Highbush blueberries work very well in a PYO operation, with the fruit being easily picked by consumers with minimal bending over. They also have a long shelf-life and can hang on the plants for a long time after ripening.
Seedless table grapes are the sleeping giants in the world of specialty crops. They are members of Vitis labrusca, the genus and species that also include the seeded table grapes such as Concord, Niagara, Catawba and Delaware. Most have thin skins with no seeds, that can be popped into the mouth and eaten like candy. Cultural practices are similar to growing the seeded varieties and can be sold retail at farmers markets at high prices, because few people grow them.
Strawberries can be highly profitable but also carry high input costs, depending on what growing system the grower chooses to use. For the most part, states that have cold winters use the matted-row system where dormant plants are set in the field in the spring, after soils warm up. The runner plants which arise off of the mother plant are allowed to expand into a four-foot-wide bed, with the flowers being pulled off during the planting year to allow the runners to root into the soil where the fruit will be picked during the following year, and in subsequent years, for a total of three fruiting years, before the plants are destroyed, due to the build-up of soil fungus diseases.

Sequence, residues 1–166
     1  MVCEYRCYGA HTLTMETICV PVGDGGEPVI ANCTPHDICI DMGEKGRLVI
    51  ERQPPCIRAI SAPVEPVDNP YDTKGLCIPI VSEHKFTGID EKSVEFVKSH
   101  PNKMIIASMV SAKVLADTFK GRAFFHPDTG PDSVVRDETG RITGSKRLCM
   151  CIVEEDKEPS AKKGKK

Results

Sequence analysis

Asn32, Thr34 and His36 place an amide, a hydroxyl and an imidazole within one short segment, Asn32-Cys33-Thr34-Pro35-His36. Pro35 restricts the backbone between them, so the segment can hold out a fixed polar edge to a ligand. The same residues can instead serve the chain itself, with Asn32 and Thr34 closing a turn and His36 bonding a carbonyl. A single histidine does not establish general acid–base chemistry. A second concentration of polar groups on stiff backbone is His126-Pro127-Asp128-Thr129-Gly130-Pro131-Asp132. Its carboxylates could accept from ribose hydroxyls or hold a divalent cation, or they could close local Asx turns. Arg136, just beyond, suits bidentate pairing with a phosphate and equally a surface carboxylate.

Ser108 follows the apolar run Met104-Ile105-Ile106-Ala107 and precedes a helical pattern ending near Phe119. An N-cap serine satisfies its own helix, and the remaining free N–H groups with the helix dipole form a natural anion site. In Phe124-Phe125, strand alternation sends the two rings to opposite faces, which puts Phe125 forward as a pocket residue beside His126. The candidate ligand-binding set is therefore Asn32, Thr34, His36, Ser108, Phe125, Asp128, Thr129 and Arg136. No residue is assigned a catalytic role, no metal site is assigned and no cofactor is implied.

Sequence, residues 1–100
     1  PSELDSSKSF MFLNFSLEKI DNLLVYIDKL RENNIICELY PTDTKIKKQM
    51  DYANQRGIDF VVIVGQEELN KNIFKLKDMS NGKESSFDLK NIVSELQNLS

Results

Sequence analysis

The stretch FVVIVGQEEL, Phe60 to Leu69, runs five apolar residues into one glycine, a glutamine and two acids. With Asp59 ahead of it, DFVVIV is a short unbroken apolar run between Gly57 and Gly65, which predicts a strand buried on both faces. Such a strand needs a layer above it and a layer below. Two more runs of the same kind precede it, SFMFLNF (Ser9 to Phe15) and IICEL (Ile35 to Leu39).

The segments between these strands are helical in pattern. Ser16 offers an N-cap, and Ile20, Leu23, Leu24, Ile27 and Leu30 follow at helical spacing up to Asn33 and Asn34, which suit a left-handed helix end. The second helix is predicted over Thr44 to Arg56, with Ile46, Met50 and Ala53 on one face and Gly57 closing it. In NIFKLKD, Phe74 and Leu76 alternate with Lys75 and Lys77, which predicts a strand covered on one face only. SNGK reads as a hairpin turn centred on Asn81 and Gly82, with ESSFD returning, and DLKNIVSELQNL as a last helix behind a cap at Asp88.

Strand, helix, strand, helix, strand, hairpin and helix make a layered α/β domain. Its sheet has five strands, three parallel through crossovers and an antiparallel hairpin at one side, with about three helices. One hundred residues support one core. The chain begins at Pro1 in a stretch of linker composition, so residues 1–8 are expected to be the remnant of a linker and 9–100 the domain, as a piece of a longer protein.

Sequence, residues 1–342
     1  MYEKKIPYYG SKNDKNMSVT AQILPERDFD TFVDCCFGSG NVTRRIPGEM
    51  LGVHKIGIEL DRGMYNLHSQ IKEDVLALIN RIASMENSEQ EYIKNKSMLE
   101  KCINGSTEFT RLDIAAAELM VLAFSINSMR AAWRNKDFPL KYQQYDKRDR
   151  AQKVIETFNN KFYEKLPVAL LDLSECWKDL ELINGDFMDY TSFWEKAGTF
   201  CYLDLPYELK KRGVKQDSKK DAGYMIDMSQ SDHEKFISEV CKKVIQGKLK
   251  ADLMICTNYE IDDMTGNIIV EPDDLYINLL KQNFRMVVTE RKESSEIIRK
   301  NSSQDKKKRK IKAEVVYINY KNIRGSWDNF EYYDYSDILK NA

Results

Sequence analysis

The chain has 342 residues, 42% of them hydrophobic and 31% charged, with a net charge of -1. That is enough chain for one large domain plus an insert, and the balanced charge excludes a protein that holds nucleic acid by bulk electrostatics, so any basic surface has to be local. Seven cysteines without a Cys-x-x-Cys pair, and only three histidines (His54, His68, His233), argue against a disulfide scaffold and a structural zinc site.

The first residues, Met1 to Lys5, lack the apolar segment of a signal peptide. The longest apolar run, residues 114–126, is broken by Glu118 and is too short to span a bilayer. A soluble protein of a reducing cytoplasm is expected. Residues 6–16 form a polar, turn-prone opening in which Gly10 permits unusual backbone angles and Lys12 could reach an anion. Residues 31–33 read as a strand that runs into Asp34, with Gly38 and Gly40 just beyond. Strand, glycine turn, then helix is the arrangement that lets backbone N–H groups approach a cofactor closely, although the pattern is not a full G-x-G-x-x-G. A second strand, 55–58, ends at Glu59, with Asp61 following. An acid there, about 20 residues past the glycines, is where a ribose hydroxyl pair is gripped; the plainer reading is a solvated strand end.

In southern and western states, where plants can make good growth during a long growing season, the plasticulture system of growing strawberries is used. This system uses varieties that are bred for fruiting to occur off of the mother plant, and plants are harvested before they produce runners. The growing plants are planted on top of a raised bed that is covered with black plastic mulch with drip irrigation set underneath the plastic, at the same time the plastic is put down.
Plants set in the fall are allowed to grow over the winter in the milder climates and go dormant in the colder climates and are harvested in the following spring. After the harvest is completed, the plants are pulled up and discarded. This is repeated each year in this annual system of production.
The plasticulture system is an expensive system and more exacting requirements are needed in order to be successful. The profits are greater but after input costs are subtracted, net profits are only slightly higher than plants grown in the matted-row system.
Rhubarb is a plant that is highly sought after. It is only found in grocery stores at certain times of the year. In northern climates, it survives well as a perennial, with plants that can last for several years.
Rhubarb is successfully grown as a cool weather perennial in northern states by planting crown divisions, which can be cut into sections that contain a piece of the rhizome and a bud that is planted about one-inch deep in the soil. Rhubarb requires at least 500 hours of winter temperatures between 28 and 49 degrees F. for plants to go into a rest period and adequately form new leaf buds.
When summer temperatures exceed 75 degrees F., plants become stressed and become more susceptible to root rotting soil fungi and bacteria, causing rapid decline and plant death. This severely limits its growth as a perennial, causing it to be poorly adapted to the southern half of the U.S.
Grower Guidelines: Look before you leap into specialty crops
by Carl Cantaluppi